Most famous for its World Heritage Programme, the United Nations Educational, Scientific and Cultural Organisation (UNESCO) has in recent years championed the idea of futures literacy – the skill and practice of diversifying why and how we imagine the future. Vis-à-vis increased reactionary use of an imaginary past, what can we take from how the organisation approaches international politics generally, and this specific idea?
UNESCO is the United Nations agency most responsive to, and representative of, the idea that symbols, monuments, and the narratives they generate or support shape our lives and our politics. This includes an awareness of the exclusionary, discriminatory, manipulative role they can and have played, as well as a belief in their potential for good. The preamble to UNESCO’s constitution thus reads: “Since wars begin in the minds of men, it is in the minds of men that the defences of peace must be constructed”. One could characterise UNESCO as the international institution most straightforwardly challenging a mere global institutionalism, calling for attitudes of global citizenship and global solidarity.
The difficulties and shortcomings UNESCO encounters and embodies resemble that of all intergovernmental organisations: limited finance, colonial continuities and heightened nationalism within a governance structure entirely built upon the idea of sovereign, independent nation states with distinct interests. Two links UNESCO is attempting to forge against this backdrop are particularly noteworthy to those interested in the affective and attitudinal dimension of politics: That is the bridge between past, present, future, as well as local, national, global attempted when designating local cultural sites or practices as national as well as global heritage. Using the past as a progressive tool for the future, building on a critical patriotism as a school for cosmopolitanism – political theorists who wonder if and how that might work (or not), do well to pay attention to an organisation that, however flawed, however troubled, is giving these ideas centre-stage.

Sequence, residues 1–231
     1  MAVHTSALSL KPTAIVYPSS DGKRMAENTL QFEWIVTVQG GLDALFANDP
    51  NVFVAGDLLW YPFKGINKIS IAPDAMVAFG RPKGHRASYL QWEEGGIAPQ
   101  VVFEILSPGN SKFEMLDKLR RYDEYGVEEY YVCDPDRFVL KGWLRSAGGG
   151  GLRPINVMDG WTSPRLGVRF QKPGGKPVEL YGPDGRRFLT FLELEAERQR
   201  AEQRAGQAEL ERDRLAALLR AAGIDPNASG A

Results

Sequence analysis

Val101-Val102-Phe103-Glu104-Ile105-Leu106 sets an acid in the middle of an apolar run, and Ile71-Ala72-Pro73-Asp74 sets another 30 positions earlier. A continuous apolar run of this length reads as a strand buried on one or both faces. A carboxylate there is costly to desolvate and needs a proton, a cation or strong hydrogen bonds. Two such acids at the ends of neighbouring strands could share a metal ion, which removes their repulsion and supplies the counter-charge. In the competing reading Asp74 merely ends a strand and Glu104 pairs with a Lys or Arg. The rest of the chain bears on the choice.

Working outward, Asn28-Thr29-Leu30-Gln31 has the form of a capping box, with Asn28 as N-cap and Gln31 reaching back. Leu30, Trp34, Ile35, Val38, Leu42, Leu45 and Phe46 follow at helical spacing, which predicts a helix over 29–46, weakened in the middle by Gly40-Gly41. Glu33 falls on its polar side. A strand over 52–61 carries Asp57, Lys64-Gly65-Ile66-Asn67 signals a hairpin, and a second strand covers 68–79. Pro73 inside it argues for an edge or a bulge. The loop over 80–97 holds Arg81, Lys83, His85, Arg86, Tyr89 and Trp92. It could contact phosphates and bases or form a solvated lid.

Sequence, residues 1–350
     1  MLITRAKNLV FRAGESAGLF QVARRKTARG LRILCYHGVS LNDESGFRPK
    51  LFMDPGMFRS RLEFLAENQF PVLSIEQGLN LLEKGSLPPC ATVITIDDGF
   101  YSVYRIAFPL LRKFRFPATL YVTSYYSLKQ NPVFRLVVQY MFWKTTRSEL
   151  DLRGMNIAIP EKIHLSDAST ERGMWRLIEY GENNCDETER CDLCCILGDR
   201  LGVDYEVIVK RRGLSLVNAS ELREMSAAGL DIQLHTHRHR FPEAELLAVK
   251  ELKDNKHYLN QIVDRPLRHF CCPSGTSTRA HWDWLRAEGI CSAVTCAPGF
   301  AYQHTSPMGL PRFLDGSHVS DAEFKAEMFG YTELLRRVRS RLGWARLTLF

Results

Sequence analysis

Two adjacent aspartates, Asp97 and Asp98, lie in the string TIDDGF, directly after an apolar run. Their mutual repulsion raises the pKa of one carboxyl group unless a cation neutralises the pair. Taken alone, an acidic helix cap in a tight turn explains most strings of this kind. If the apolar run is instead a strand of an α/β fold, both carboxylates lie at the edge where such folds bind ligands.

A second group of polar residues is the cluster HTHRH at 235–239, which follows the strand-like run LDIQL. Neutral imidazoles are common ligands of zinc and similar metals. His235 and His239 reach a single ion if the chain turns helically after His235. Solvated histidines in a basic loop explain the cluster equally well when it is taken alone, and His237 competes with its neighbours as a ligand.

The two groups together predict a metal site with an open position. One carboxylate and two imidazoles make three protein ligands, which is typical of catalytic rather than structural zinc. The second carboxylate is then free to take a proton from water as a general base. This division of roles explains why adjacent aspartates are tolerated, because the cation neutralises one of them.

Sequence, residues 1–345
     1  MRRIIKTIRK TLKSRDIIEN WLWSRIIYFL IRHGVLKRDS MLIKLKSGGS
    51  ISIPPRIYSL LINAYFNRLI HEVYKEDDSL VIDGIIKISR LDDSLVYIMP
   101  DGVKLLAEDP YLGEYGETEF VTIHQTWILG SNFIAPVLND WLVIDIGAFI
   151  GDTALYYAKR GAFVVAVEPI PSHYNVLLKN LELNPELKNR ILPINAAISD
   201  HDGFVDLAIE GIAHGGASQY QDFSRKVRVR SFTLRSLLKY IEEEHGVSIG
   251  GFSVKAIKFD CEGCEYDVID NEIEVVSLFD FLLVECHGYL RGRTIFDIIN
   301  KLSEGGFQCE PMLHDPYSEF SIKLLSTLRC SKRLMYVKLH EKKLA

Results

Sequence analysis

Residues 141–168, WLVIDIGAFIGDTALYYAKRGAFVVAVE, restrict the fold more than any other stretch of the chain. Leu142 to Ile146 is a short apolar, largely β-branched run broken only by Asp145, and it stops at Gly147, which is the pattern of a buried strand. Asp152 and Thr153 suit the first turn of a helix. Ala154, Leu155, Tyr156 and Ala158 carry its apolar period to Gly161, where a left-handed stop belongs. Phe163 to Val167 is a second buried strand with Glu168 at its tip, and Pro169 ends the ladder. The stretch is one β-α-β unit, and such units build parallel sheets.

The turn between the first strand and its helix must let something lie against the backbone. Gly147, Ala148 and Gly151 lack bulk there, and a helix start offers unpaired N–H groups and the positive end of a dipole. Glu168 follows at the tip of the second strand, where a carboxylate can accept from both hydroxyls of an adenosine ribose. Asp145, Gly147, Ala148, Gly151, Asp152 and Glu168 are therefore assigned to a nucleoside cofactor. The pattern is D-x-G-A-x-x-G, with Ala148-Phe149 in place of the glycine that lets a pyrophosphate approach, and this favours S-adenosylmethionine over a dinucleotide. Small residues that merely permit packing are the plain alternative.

Beginning about a decade ago and intensifying in recent years, UNESCO has put forward a new idea in championing futures literacy as a skill for the 21st century. It is promoted as the capability that allows us to imagine the future beyond mere projections of the past, and to use these images of what our futures could look like to live different in the present. UNESCO understands itself as a “global laboratory of ideas” – and I will here discuss futures literacy mainly as such an idea and a theoretical concept. Of course, such concepts risk being empty and need to be brought to life in educational and political practice, something UNESCO attempts to do by establishing participatory futures laboratories, as well as research and teaching programmes. The ambition of developing futures literacy is to “change […] the conditions of change”. It suggests being able to see and use the future in a different mode, not merely as something to be predicted or optimised, but as something we can explore imaginatively, something to be shaped beyond existing expectations and inherited ways of thinking.